Facts About the Many Styles of Architecture to Be Found Within Shanghai
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Facts About the Many Styles of Architecture to Be Found Within Shanghai

The world’s largest city of Shanghai has several styles of architecture ranging from the Art Deco of the boom in the city during the 1920’s and 30’s, traditional Chinese styled buildings up to the modern city’s skyscrapers that rise high into the sky of this most cosmopolitan of the city’s of the Far East.

The Bund, the famous area close to the Huangpu River that dissects the city has several examples of early 20th century neoclassical architecture including the HSBC Building and the Sassoon House built in the Art Deco style that was popular at that time. The areas of the city once governed by the foreign concessions have several examples of well preserved buildings, the most notable of these can be found in the French Concession.

Laszlo Hudec was a Hungarian-Slovak architect that made Shanghai his home from 1918 until 1947. He was responsible for many of the Art Deco buildings to adorn the city. Shanghai has the highest number of buildings anywhere in the world of this style, constructed during the 1920’s and 30’s. Among the most notable of Hudec’s buildings are the Grand Theatre and the Park Hotel.

The Peace Hotel, the Metropole and Broadway Mansions are all creations of Parker and Palmer, prominent architects of that era. Another notable building constructed in the Art Deco style in the city was the Capital Theatre; this was designed by the Austrian architect GH Gonda. The recent revitalization of the area around The Bund began in 1986, it was the creation of Paulus Snoeren, a Dutch architect with this project continuing until the middle of the final decade of the 20th century.

Despite the rampant redevelopment of the city, particularly in the recent decades the old city still retains many buildings built in the traditional style of Chinese architecture. A good example of this can be found in Yuyuan Garden, recently renovated the original buildings and garden are of the Jiangnan style of Chinese architecture and represent some of the oldest streets of the city. In the Xintiandi district of the city there are a number of traditional Shikumen lanes that have seen renovation projects and now are home to high end restaurants and stores.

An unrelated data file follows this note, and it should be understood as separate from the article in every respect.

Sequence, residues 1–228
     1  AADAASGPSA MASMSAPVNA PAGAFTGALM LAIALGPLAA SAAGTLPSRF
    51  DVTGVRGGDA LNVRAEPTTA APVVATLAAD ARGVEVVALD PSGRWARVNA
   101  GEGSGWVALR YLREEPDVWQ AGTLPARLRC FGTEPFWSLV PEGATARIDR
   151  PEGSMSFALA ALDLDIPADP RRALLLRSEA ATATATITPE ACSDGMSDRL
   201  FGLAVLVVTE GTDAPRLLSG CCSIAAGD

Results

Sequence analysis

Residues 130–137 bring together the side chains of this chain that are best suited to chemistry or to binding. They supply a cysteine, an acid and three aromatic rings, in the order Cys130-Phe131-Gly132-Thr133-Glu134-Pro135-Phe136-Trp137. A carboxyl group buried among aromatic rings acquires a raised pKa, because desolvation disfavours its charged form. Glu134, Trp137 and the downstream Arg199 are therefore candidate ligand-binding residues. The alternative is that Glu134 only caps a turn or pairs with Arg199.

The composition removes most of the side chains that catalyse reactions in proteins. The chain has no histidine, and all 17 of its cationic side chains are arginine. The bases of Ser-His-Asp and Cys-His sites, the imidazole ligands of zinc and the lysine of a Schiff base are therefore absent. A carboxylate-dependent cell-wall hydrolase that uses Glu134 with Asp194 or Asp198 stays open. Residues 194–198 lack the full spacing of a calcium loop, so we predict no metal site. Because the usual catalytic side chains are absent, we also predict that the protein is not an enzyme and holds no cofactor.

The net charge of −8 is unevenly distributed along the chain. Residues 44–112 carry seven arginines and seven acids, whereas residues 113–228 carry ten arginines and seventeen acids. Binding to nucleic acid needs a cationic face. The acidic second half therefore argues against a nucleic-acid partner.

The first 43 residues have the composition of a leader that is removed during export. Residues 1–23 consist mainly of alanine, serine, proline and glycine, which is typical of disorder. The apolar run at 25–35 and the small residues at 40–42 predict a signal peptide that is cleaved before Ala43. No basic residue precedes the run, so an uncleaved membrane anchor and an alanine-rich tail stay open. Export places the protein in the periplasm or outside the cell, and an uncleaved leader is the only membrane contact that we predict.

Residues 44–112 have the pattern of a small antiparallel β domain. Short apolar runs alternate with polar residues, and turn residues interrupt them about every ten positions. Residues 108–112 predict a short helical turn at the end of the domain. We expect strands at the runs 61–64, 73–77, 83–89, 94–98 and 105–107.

In addition to its distinctive traditional buildings, Shanghai is also home to a collection of eccentric buildings of contemporary architecture. These include the Shanghai Museum, the Grand Theatre as well as the Oriental Art Centre.

Shanghai has its own unique style of townhouses known as Shikumen, these are two or three storey residences built behind a high brick wall. Each row of townhouses is accessed by straight alleys known as longtang or longdang in the local dialect. The entrance to each townhouse is through an archway constructed of stone and the row of houses is similar to terrace houses seen in many residential areas particularly in the United Kingdom.

The city also has many examples of buildings displaying the Soviet Neoclassical style of architecture. The buildings of this style date mostly from 1949 with the emergence of the People’s Republic of China until the late 1960’s and the split in Sino-Soviet relations. During the decade of Soviet influence many experts were drafted into China to aid the process into Communism. Shanghai’s International Exhibition Centre is one of the finest examples of this style to be found within the city.

In the district of Pudong are many of the city’s tallest buildings. These skyscrapers include the Jin Mao Tower as well as the 492 metre high Shanghai World Financial Centre, the tallest building in mainland China and currently third highest in the world. Nearby is the Oriental Pearl Tower at a height of 468 metres. Shanghai has the highest number of buildings of greater height than 400 metres than anywhere else in the world. The Shanghai Tower, due to be completed in 2014, will rise to a height of 632 metres or 2074 feet and will then be the tallest building within China.

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Comments (5)

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